On Monday 10th September 2012 our
web hosting provider let us down badly and our website was disabled. Some
three weeks later we managed to recover the URL (kentarchaeology.org.uk)
and transferred it to another web hosting service. With over 20,000
individual webpages in the Research Section, we hope you will understand
that it will take a little time for all our webpages to be up and working
again. Ted Connell
GOOGLE, (see http://www.google.com
) has a SEARCH option which is not commonly known.
Here is how it works... Lets say I was searching for the surname
So, I type in the following in the Google Search window slot (not
the Internet Explorer address slot):-
It is vital that a space is left before the letter
A in AUSTEN
and after the last letter N.
I am then presented with many references to AUSTEN in the Wills, all
nicely high-lighted. A click on the link, in blue and underlined, for
any entry will take you straight to the list of Wills on this website
under Name or Place Order, or if you are lucky, you may directed straight
to a transcription of the Will where the name occurs.
The name you have chosen to search for may be the name of the
person making the Will or somebody mentioned in the Will as a beneficiary,
whose name will not of course occur in the Name or Place Order
Try alternate spellings. Y was often used instead of an i.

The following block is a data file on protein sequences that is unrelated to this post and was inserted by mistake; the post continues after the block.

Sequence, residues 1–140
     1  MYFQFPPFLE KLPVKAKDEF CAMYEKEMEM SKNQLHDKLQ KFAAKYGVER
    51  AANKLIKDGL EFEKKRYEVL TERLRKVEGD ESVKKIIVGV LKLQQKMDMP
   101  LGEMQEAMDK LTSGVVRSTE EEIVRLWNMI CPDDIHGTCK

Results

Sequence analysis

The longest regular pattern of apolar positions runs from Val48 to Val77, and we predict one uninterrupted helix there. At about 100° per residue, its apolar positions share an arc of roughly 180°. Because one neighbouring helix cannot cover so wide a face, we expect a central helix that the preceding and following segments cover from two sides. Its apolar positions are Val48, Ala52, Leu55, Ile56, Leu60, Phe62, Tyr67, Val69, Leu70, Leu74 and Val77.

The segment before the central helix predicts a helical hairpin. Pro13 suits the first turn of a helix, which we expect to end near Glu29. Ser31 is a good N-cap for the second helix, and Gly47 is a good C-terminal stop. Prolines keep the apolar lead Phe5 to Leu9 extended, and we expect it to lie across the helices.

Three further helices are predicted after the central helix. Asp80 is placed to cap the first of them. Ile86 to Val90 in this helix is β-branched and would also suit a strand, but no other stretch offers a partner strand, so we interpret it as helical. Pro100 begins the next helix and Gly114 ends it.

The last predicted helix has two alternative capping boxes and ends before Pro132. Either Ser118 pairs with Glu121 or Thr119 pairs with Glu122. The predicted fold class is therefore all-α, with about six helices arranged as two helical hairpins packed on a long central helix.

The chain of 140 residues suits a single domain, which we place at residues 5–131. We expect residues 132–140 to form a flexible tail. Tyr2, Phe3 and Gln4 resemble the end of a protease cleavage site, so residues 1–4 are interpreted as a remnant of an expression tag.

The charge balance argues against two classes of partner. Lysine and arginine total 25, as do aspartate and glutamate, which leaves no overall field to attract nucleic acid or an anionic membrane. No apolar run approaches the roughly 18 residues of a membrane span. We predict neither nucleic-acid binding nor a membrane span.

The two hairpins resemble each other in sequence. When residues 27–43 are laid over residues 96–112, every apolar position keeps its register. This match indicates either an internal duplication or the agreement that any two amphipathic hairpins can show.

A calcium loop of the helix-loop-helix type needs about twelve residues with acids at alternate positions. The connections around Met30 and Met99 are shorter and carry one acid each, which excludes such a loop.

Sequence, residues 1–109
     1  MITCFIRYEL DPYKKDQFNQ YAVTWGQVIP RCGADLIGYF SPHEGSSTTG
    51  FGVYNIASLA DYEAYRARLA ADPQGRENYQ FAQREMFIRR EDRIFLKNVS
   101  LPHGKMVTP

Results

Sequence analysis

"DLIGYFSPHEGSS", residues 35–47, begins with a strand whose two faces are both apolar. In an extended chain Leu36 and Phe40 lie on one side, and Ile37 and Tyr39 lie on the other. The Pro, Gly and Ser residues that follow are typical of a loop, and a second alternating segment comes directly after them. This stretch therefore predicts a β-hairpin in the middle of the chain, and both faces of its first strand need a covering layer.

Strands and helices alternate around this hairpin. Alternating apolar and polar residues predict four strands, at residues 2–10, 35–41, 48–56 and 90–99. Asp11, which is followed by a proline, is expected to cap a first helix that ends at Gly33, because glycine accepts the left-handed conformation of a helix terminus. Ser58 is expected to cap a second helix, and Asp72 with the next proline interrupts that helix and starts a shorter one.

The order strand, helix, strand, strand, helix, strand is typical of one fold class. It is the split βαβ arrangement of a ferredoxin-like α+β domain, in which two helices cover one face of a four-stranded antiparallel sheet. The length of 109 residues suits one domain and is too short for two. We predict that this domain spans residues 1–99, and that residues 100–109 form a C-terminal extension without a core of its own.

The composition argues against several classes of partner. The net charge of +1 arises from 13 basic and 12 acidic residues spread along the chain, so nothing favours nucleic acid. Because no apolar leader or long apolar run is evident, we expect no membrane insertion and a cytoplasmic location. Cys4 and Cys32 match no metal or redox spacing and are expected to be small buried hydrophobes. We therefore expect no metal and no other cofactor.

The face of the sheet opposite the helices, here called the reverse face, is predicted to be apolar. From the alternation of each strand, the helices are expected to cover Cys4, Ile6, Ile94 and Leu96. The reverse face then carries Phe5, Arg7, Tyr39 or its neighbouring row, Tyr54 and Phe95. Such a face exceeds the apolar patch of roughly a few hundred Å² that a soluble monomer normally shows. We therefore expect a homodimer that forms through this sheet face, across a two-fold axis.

There may be a double s or l for no apparent reason.
When you carry out the Google search, each listing gives the option
of selecting the "cached" copy that Google keeps on their own
server. If you click on "cached" you will see a copy of the Will
with the name you are searching for highlighted. This is particularly
useful if the name you are searching for appears somewhere in a large body
of text. Depending on which version of Internet Explorer you are using
"cached" may appear at the bottom of each "Link", or
in later versions you hover your curser just to the right of the
"Link" and a double headed arrow will appear. A miniature
version of the webpage will appear outlining the name in red.
Along with the name AUSTEN, Google will also list AUSTIN,
just in case you spelt you word incorrectly. Austin can also occur as
Austin Friars a religious order.
are all indebted to Peter Johnson of Newcastle, Australia for bringing
this search routine to our notice
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© Kent Archaeological Society June 2012
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